We were very excited to begin autumn kindergarten 2 in September 2018! She knew we would be starting more new and exciting things, and she was begging for the first day of school to come.
For K2, we're easing into the head, heart, and hands sections of the day which will be even more important in the numbered grades. If you want to learn more about that and how to make your own homeschooling schedule, please see my page about that.
Basically, we start each day with a walk and circle time, which consists of rhymes and songs right now. We do the same ones for a week so she can really learn them. Then we have our Waldorf Essentials story, a tree lesson, half of a lesson from our reading curriculum (pre-reading level), and then the activity or subject varies by the day. Every day we have lunch, and she enjoys music, so we end up practicing the recorder each day. We also have daily read aloud time.
Board games are another common way for us to spend school time, and that's how I end up having to explain the concept of weekends and a day of rest! She begged to do more "regular school lessons" on our first Sunday after Sunday school lessons, but I don't blame her when "school" consists of things like playing Scrabble Jr. or Chutes and Ladders and writing in shaving cream!
We are still flexible for days when we want to spend more time outside or have play dates with friends.
We are celebrating the same autumn holidays that we celebrated last year.
In traditional forms of kindergarten such as Waldorf and Montessori, kindergarten typically spans the age range of 3 to 6 years old. Children often have three years of kindergarten. We decided on two. That doesn't mean we weren't doing anything before (we were! see tot school), but we started calling it "kindergarten" and doing a structured circle time and story last year.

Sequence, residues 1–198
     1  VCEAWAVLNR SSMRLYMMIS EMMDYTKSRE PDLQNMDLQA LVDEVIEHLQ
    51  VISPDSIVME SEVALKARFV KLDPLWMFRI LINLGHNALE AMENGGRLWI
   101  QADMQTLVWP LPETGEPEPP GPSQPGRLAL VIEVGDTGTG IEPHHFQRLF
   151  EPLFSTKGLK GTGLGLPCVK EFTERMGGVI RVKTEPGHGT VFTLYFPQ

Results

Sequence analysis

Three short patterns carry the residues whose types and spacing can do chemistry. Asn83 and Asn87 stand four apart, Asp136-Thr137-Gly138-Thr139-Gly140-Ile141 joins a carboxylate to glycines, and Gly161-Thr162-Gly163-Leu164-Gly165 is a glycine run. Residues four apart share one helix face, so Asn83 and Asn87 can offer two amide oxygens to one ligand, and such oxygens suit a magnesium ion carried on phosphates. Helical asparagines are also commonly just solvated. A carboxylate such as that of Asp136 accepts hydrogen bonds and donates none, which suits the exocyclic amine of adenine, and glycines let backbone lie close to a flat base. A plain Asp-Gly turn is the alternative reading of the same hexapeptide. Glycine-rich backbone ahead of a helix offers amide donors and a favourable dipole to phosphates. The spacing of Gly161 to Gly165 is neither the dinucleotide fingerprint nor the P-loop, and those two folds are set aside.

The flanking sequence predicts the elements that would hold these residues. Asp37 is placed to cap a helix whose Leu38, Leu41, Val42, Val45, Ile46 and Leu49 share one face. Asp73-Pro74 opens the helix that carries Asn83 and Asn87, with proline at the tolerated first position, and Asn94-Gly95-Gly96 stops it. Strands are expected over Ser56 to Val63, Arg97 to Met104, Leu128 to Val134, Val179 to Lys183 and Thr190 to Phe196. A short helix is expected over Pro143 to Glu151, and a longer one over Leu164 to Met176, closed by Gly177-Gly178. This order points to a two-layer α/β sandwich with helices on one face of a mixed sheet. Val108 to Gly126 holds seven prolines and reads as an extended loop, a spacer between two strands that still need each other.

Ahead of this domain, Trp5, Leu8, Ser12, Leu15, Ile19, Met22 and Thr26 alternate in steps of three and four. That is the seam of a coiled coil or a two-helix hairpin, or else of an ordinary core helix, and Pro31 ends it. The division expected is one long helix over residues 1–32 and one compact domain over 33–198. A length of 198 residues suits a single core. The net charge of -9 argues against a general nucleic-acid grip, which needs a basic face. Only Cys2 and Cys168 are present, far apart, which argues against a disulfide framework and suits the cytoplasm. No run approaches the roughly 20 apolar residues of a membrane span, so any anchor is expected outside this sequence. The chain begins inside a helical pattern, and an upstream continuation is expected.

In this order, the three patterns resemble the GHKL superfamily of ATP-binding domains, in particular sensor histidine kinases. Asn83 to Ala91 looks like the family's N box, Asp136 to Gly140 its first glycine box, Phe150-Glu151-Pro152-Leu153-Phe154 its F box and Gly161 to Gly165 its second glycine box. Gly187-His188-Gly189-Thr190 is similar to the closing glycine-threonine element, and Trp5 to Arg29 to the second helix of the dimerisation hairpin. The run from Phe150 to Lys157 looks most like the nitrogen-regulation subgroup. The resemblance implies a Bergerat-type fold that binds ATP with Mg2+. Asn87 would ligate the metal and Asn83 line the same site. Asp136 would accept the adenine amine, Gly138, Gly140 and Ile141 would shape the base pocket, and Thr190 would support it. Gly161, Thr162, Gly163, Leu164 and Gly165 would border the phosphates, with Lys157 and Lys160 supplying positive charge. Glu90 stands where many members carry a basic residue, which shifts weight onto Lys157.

If you want to use conventional terms, you might say we did "pre-K" instead of kindergarten 1. In conventional terms, I'm not even sure that I would call our kindergarten 2 the same as the modern kindergarten because the modern version is so heavily academic and into early reading. Our style is still very play-based with minimal direct reading instruction, just a little phonics and lots of exposure.
You will notice a bit of a balancing act as I try to keep my Waldorf ideals and love of play while my daughter would love more academics. I believe it's important for her to play and develop physically and socially at this stage. Mental work can come later!
However, she loves to write notes, and who am I to hold her back? I do have my lines in the sand. One is that I will not encourage her to sound out words or read before age 6-1/2. It's ok if she teaches herself; I'm not "instructing" her.
And I refuse to do multiplying and dividing in kindergarten. All 4 operations are taught at once in the Waldorf curriculum. It's too late to hold back on addition and subtraction -- she has figured them out on her own, which is just the way I would prefer! She does things orally that show me she understands those well, but we are not writing them down yet, and we are definitely not doing math worksheets, although she would probably love to.
This is a little girl who chose to buy a calendar planner to write daily notes in (even though she can't read or write other than copying), and she went through and numbered the pages!
Yeah, but what about Mommy trying to follow the teachings of Rudolf Steiner? I'm doing what I can.